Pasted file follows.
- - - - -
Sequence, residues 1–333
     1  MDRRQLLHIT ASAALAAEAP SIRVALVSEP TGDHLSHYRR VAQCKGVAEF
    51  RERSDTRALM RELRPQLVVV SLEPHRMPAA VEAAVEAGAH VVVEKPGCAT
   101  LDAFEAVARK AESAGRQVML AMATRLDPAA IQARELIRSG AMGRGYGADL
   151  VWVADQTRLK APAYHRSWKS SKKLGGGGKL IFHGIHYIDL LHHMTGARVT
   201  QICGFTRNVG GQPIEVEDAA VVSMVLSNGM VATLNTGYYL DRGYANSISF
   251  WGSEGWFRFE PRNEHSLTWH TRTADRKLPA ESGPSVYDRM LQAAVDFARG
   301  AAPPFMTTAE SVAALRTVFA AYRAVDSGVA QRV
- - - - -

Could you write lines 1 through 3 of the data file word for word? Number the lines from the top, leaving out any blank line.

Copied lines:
Sequence, residues 1–333
     1  MDRRQLLHIT ASAALAAEAP SIRVALVSEP TGDHLSHYRR VAQCKGVAEF
    51  RERSDTRALM RELRPQLVVV SLEPHRMPAA VEAAVEAGAH VVVEKPGCAT